“a wonderfully crafted musical that ultimately surrenders itself to its audience”
“One small step for man” or “one small step for a man”? Whatever Neil Armstrong said, it’s etched in humanity’s collective memory forever more. People prefer the poetic balance of the former even though Armstrong insisted he said the latter – but there is no debate that Apollo 11’s moon landing over fifty years ago was “one giant leap for mankind”.
Chicago housewife Diana (Wendi Peters) was watching the blurred, monochrome images on her television screen on that night in the summer of 1969, whilst also gazing at the same crescent moon hanging in the night sky, framed by the confines of her suburban window. In an epiphanic moment she sees her own life, with her husband Gerard, as humdrum, a series of small steps. She wants her own giant leap and, unable to resist the tidal force of the moment, she wanders out into the night with just her purse and her innocence.
‘The Grey Area’ Theatre Company’s new musical is a charming and intimate journey through the mind of a conflicted woman. She is simultaneously awestruck yet weary; an ingénue who never thought she would live so long. Wendi Peters gives a fine and forceful performance that exposes the crystallised layers of her character. She winds up at the ‘Hotel Constellation’, blows a week’s grocery money on one night and tosses away her diary, all the while being admonished by the voices in her head. Rebecca McKinnis, Jordan Frazier and Phil Adèle represent these voices, as well as switching into the peripheral characters that surround Diana’s life, old and new. McKinnis, as Diana’s sophisticated but morally dubious neighbour deftly morphs into the surly hotel receptionist. Similarly, Adèle, another friend and neighbour in Diana’s previous life becomes a Vietnam veteran clouding his trauma in dope-smoke. Frazier’s hotel maid is the guiding hand that guides Diana through the maze of her new experiences. Far from being supporting characters or the chorus, their studied and varied performances are integral to the shifting tides of the show.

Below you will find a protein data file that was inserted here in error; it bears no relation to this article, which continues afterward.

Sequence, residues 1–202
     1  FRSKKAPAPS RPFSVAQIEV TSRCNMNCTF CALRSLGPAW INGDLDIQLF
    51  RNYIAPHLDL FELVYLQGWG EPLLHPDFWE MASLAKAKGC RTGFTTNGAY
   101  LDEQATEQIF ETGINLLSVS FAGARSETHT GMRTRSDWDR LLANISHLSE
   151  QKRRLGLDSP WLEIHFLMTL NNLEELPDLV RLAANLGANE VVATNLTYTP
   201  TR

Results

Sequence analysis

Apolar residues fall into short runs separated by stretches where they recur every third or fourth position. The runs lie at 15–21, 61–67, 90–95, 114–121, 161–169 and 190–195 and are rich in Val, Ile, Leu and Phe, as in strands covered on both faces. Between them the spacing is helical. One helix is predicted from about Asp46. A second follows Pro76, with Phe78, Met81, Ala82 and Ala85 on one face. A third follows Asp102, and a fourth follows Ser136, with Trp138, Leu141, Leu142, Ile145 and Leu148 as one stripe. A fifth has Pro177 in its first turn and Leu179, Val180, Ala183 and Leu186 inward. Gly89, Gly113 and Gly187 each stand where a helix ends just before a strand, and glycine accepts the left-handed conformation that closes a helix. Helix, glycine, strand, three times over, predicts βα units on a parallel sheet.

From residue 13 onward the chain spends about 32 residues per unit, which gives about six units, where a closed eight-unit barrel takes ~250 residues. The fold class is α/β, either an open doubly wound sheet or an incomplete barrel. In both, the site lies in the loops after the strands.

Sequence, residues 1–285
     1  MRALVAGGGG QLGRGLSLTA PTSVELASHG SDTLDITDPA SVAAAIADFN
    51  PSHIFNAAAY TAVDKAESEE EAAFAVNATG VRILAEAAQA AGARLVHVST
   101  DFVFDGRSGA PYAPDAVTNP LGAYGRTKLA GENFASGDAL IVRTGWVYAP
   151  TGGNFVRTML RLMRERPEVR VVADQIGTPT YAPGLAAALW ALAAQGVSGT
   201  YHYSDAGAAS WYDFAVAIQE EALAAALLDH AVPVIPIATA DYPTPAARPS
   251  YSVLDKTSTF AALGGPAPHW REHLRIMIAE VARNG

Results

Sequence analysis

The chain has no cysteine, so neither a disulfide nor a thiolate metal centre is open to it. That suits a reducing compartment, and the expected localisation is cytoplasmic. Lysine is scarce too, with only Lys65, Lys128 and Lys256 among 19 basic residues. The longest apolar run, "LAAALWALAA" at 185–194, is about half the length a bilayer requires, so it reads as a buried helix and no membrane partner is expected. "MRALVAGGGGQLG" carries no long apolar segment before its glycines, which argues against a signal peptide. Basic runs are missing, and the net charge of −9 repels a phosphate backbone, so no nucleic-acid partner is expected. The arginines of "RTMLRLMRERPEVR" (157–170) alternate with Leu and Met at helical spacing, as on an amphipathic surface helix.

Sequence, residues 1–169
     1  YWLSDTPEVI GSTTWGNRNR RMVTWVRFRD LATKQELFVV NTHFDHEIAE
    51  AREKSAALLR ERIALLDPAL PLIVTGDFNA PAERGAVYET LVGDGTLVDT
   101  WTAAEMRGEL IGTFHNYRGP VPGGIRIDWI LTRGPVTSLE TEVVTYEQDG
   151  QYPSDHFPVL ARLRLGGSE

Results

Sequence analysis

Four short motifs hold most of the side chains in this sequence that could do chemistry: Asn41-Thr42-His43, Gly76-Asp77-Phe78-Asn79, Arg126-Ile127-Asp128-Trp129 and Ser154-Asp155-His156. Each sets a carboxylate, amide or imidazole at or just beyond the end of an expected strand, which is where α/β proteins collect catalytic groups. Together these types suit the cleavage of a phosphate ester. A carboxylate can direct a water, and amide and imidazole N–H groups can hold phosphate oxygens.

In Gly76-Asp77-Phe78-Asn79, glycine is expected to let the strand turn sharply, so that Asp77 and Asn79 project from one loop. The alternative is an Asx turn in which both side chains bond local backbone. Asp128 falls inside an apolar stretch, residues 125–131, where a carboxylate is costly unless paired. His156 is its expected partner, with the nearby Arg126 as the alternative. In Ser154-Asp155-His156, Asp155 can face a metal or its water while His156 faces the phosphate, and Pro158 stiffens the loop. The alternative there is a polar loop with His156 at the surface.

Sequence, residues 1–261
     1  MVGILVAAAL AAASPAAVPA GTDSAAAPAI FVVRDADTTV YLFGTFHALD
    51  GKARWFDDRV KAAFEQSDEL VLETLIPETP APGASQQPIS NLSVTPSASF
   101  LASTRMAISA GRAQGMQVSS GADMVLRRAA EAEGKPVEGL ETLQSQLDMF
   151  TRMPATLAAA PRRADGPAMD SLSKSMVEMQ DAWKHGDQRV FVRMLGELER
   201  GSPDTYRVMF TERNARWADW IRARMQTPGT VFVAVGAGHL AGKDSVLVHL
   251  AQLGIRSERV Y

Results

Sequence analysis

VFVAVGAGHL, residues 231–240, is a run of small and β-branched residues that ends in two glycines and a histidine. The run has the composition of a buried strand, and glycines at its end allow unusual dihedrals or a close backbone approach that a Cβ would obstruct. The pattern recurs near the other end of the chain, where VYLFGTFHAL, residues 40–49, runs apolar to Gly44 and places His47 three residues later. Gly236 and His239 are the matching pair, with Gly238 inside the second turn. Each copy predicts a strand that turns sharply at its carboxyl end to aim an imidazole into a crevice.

Neil Bartram’s score is, at times, a touch too gentle but like Brian Hill’s book, it isn’t shooting for the moon. There is an underlying reserve that is refined rather than flamboyant. Certain numbers stand out, such as “The Invisible Man” or “Is That Me?” – which oozes with a universal sadness. Peters mines the emotional gravity of the songs until there is very little left.
“You Are Here” is an odyssey and an oddity. It basks a lot of the time in the Sea of Tranquility, although a final twist towards the end of the show does propel it into another orbit, and the motifs and meanings take on a whole new shape. It’s a wonderfully crafted musical that ultimately surrenders itself to its audience. It is a voyage of self-discovery; whether we take optimism and hope with us, or grief and regret, is up to us. Whether a giant leap or a small step, it is a welcome return to live performance as we make our own journeys into the night again to London’s theatreland.
Reviewed by Jonathan Evans
Photography by Callum Heinrich
You Are Here
Southwark Playhouse until 12th June
Additionally there are two live stream performances on Saturday 22nd May at 3pm and 7.30pm
“The book and score are entirely forgettable; the rhymes from a Hallmark card and devoid of wit or charm”